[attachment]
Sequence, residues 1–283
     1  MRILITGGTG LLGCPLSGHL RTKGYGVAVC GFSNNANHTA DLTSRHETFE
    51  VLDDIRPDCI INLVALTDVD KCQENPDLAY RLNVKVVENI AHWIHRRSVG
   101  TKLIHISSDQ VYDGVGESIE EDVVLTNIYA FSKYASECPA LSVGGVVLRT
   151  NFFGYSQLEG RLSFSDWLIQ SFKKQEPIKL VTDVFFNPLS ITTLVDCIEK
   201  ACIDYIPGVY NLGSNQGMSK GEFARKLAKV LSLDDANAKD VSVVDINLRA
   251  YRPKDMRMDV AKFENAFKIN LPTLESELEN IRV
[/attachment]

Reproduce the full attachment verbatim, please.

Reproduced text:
Sequence, residues 1–283
     1  MRILITGGTG LLGCPLSGHL RTKGYGVAVC GFSNNANHTA DLTSRHETFE
    51  VLDDIRPDCI INLVALTDVD KCQENPDLAY RLNVKVVENI AHWIHRRSVG
   101  TKLIHISSDQ VYDGVGESIE EDVVLTNIYA FSKYASECPA LSVGGVVLRT
   151  NFFGYSQLEG RLSFSDWLIQ SFKKQEPIKL VTDVFFNPLS ITTLVDCIEK
   201  ACIDYIPGVY NLGSNQGMSK GEFARKLAKV LSLDDANAKD VSVVDINLRA
   251  YRPKDMRMDV AKFENAFKIN LPTLESELEN IRV